From robotic picker systems within warehouses to fleets of autonomous delivery vehicles to artificial intelligence that generates extraordinarily precise strategies to manage supply chains and anticipate consumer demands, technology is transforming the warehouse/distribution sector. In a new report, “The Evolution of the Warehouse: Trends in Technology, Design, Development and Delivery,” published by the NAIOP Research Foundation, authors Steve Weikal and James Robert Scott from the MIT Real Estate Innovation Lab explore current and emerging technologies in the warehouse sector and how those technologies will impact commercial real estate companies.
Among all the technology advances, what is one that stands out to you as being particularly exciting and capable of transforming warehouse operations?
SW: Autonomous mobility. The headlines are usually around driverless cars. But we at the MIT Center for Real Estate think of autonomous real estate as including automated systems like robots that are zipping up and down the aisles, and indoor drones that fly around inside the warehouse and pick things off the shelves. There are driverless forklifts and pallet movers. Outside of the four walls, there is some autonomous activity in the yard. There are autonomous electric yard trucks that don’t go beyond the front gate but move things around in the yard, like getting containers to the right docks. There are drones that remain in the yard and monitor the outside of the building or they monitor and direct traffic around the yard. One person I interviewed described these kinds of automated warehouses as vending machines with roofs. They are not devoid of people, but they are so automated that the people operate around the edges.
What should CRE companies be thinking about putting into their next warehouse development or redevelopment to support emerging technologies?
JS: You have to look at the implementation of 5G technology and data infrastructure. You will also need to look at power supply and you may have to consider alternative energy sources. You could have incredibly power-hungry systems in your building that might allow you to pencil out putting solar on the roof. I know it’s easy for me to say that when, in reality, it’s quite costly to implement all that infrastructure. But implementing new systems within older environments is going to generate a huge amount of potential. There’s return on investment. You need to implement these systems to get the best value out of your locations.
How well suited are older buildings to supporting those more automated warehouse operations?
SW: We love to focus on the brand-new buildings, the ground-up construction that has all the latest bells and whistles. But the reality is that the large portion of the built environment in the world is existing. Technology will create the opportunity to retrofit buildings in such a way that will be increasingly powerful and profitable because the technology will enable more innovative, flexible ways of using space. And it will be in three dimensions as companies more efficiently use floor space, but also become more efficient at using the vertical axis as well.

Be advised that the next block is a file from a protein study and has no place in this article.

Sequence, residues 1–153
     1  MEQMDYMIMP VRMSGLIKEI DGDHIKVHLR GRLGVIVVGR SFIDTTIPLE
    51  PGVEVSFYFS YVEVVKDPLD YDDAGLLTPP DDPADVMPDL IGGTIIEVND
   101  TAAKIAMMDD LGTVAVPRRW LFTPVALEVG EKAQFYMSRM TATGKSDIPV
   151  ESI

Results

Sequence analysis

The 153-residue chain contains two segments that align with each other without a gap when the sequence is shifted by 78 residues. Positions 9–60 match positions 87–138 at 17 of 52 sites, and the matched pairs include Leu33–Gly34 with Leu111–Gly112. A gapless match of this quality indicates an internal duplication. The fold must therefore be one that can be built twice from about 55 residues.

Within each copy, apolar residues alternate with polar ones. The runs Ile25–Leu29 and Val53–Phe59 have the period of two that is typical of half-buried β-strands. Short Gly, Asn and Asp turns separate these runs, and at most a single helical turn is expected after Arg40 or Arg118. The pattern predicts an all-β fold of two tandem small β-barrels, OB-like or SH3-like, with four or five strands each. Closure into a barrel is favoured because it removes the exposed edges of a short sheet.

One person I was talking to had a fascinating suggestion: He questioned if we should be writing leases on the basis of dollars per square foot or dollars per cubic foot because the technology now allows buildings to go taller in clear height and, in limited applications, go to multiple stories.
Then the next leap is perhaps basing leases on dollars per through-put. Some of the more sophisticated investors, developers and tenants are evaluating spaces in the built environment based on dollar per through-put. That explains an example in the report, why Amazon has a multilevel distribution facility on the outskirts of New Mexico, where land costs are minimal but the highway access is optimal. Why would they have built multistory which is very expensive to build compared to single story? The answer is they were calculating based on dollar per through-put. The efficiency was so much better on multiple levels than on a single one, which is why they built it that way.
It’s sometimes difficult to underwrite tech-enabled warehouse projects and renovations. It’s a very complex conversation. There is some tension between building four walls and a roof which is fairly straightforward, and you can underwrite that, versus all of these automated, very specific kinds of uses that may not be general purpose uses. The insides of a building are constantly changing because technology is always changing. So how do you tech-enable the building just enough to make sure that it is future proof, but not so much that it becomes obsolete too fast?
This is the second in a two-part interview with Steve Weikal, lecturer, researcher and CRE Tech lead, MIT Real Estate Innovation Lab, and James Robert Scott, lead researcher, MIT Real Estate Innovation Lab, authors of “The Evolution of the Warehouse: Trends in Technology, Design, Development and Delivery,” a report published by the NAIOP Research Foundation. Read part one: Consumer Trends Plus New Technologies Create Alternate Uses for Vacant Properties.
Linda Strowbridge is a freelance business writer based in Baltimore, MD. A long-time journalist in Canada and the U.S., Linda now writes extensively about the built environment, economic development, green business and the insights of business leaders.